Heidelberg so good the French burnt it twice?

Between the station and the old city are uninterestnig post-war buildings like these.

Between the station and the old town there are uninteresting post-war buildings like these.

I promised yesterday that I would write today about the visit to Heidelberg last Monday for my birthday.  The day started well enough, although early, to the station and a train from Strasbourg just over the Rhine to Kehl, where tickets for travel by train in Germany are much cheaper.  A stopper train to Offenburg where we caught the ICE train to Mannheim where there was another stopper to Heidelberg.


The 'old town' seems to start about a hundred metres in with the pub on the left and buildings above shop fronts typical.

Arrival at Heidelberg is very underwhelming.  A very helpful tourist information centre told us we needed a €1 bus ticket to the centre, though after sitting down for a coffee we walked it.  The bus would have been better.  As you see above really unremarkable post war buildings.

Once into

Student Gaol

Student Gaol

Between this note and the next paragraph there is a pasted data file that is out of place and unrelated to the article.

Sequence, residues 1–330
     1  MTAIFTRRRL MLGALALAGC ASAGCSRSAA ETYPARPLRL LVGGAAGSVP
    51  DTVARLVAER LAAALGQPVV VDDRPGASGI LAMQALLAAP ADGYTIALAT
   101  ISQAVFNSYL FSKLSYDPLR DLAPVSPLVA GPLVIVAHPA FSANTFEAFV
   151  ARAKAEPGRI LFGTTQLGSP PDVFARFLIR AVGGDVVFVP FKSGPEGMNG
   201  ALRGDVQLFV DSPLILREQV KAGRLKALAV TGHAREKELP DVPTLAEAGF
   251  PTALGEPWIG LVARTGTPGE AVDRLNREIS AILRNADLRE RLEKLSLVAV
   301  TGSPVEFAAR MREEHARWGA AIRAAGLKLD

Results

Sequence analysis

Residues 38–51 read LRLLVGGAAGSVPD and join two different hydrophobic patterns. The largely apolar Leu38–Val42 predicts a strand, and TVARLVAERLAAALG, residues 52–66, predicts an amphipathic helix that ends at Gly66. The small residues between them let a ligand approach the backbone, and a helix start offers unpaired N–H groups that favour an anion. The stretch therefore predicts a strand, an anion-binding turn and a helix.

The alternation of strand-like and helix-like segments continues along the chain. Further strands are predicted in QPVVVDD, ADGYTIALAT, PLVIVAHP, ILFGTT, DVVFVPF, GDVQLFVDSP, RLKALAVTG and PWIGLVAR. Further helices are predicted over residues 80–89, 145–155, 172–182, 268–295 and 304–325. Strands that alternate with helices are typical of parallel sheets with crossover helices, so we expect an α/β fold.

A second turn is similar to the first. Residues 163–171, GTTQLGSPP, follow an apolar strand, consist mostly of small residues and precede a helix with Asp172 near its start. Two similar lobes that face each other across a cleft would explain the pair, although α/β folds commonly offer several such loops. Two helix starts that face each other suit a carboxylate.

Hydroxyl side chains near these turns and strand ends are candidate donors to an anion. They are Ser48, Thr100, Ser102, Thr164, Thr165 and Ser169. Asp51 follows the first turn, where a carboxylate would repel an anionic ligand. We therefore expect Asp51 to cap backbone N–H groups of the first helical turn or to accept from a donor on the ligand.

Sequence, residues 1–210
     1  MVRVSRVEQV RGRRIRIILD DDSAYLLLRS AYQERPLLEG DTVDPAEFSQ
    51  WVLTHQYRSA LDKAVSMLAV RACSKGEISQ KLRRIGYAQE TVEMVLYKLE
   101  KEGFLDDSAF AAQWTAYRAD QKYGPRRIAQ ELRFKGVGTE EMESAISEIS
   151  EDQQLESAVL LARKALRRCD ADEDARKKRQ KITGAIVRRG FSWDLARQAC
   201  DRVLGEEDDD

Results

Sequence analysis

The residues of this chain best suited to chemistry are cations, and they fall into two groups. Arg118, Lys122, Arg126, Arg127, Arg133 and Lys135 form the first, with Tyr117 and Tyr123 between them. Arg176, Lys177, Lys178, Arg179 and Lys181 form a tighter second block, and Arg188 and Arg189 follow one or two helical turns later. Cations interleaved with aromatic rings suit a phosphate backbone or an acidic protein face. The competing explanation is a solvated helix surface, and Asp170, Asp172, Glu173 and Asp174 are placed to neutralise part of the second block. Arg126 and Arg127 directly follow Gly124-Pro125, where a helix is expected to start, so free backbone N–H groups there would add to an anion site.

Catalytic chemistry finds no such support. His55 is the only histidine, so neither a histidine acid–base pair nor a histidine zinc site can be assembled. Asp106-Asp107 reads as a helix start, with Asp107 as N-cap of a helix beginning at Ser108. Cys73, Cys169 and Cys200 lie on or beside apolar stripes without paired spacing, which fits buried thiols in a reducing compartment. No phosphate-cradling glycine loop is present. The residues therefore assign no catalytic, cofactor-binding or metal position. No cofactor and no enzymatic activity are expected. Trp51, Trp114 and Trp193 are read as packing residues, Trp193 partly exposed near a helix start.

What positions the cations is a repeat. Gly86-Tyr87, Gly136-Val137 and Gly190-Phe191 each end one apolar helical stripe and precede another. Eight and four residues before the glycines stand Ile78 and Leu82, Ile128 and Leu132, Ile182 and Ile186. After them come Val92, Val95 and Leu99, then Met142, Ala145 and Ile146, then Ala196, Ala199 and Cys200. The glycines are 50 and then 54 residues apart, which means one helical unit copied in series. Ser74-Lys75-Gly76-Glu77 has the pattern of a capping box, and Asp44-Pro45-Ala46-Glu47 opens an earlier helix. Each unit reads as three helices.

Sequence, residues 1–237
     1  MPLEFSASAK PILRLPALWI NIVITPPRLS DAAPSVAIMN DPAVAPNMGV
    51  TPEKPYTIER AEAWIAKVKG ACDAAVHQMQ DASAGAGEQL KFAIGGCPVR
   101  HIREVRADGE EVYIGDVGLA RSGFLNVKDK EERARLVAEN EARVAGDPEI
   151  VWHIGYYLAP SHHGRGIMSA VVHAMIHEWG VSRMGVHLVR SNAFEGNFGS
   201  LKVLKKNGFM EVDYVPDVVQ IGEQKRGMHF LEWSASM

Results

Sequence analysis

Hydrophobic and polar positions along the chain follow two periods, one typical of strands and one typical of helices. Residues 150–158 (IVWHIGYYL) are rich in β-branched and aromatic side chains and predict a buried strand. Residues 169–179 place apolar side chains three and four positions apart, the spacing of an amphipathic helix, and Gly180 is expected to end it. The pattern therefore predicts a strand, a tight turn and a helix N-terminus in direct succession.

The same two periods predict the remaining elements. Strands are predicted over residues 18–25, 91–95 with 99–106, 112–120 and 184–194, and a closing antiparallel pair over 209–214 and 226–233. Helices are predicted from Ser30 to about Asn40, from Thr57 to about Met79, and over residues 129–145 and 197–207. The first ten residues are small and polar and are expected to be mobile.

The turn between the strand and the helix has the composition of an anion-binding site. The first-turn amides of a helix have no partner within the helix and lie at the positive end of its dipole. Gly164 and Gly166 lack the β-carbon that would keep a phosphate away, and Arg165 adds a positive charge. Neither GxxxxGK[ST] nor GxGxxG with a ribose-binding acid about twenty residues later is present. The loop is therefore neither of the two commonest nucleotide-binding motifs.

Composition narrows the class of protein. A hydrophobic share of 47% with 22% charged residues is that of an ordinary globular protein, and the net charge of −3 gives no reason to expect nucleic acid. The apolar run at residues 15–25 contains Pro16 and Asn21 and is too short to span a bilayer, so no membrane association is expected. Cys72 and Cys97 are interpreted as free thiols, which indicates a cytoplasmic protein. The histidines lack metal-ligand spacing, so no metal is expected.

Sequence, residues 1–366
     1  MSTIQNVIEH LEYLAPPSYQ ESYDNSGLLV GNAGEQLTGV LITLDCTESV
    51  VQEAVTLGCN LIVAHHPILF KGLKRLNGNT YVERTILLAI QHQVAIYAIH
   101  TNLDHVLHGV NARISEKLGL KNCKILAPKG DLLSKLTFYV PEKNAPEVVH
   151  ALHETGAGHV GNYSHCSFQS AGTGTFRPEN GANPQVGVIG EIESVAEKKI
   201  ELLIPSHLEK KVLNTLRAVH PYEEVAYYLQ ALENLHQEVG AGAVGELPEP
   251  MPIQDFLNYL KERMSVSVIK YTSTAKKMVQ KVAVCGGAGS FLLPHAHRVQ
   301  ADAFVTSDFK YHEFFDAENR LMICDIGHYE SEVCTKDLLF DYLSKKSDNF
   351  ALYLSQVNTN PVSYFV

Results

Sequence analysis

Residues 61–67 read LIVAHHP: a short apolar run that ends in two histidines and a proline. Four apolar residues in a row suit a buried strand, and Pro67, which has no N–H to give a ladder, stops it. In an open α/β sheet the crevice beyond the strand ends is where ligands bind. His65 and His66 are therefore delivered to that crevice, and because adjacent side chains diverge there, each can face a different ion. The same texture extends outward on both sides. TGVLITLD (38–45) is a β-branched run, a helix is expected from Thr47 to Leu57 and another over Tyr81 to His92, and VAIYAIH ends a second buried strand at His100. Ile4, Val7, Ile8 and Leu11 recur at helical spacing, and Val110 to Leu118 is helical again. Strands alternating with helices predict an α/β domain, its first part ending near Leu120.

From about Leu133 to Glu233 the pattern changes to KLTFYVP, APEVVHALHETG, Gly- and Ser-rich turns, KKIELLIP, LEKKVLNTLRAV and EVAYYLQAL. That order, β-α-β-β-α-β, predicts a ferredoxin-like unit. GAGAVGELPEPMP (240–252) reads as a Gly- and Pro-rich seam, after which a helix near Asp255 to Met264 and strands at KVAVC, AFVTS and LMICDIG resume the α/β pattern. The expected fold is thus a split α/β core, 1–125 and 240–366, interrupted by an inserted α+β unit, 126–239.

the pedestrianised area things improve and after about a hundred metres it starts to look like the picture above.Heading towards the centre you pass buildings of the university and the Students Gaol, pictured on the left.  What struck me at this point was the number of buildings which I had seen whilst walking through the place which had statues set into the middle or corner of buildings.  Most of them seemed to be religious with halos, not something I had seen on such a regular basis in one place before.  Then we came to the Jesuitenkiche (Jesuit Church) which is quite imposing on p10202351central Heidelberg.  If any building has statues in Heidelberg this one has them in spades, in alcoves in the building, on the roof on the side of the building and, just to make you know for sure what the building is for there’s a great big one  of Jesus Christ himself holding a great big cross on the top of the building.  You will see the statues in the picture to the right of the text.  From there it was a short walk to the Markplatz (main square/market place) with the Rathaus (Town Hall), the gothic Heiliggeistkirche (Holy Ghost Church) and the Haus zum Ritter (Knights House) the oldest private house in Heidelberg (1592) now a hotel.  Around the corner is the p1020243Kornmarkt (Corn Market) which has a great view of the castle which is on the hillside overlooking the Altstadt (old town) and the river Neckar.  Different parts of the castle were built at different times, and were destroyed at different times according to whether it withheld the  invaders or not.  From here we walked down to the river Neckar and between the towers of the Bruckentor (Bridge gate) and onto the Alte Bruckep1020251 (old bridge).  Although the bridge was rebuilt in 1947 after it was destroyed two days before the end of the war by fleeing Nazis who wanted to stop the Americans establishing a base here.  After that we headed for a restaurant which had been recomended to us but it was closed.  We did eat and, like Heidelberg itself, found it disappointing.  With the sleety rain we decided to head home but had to take refuge a couple of times on the way to the station to avoid heavier sleety rain and hail.  This time we left the old town and got to the sation on the bus.  The heading?  Louis XIV had Heidelburg burnt twice, the second time because only 10% of the town burnt because the residents had taken precautions.  The question mark is not questioning the fact as I believe it to have been historically verified.  Just , if it was up to me I don’t think I would have thought it worth going back.

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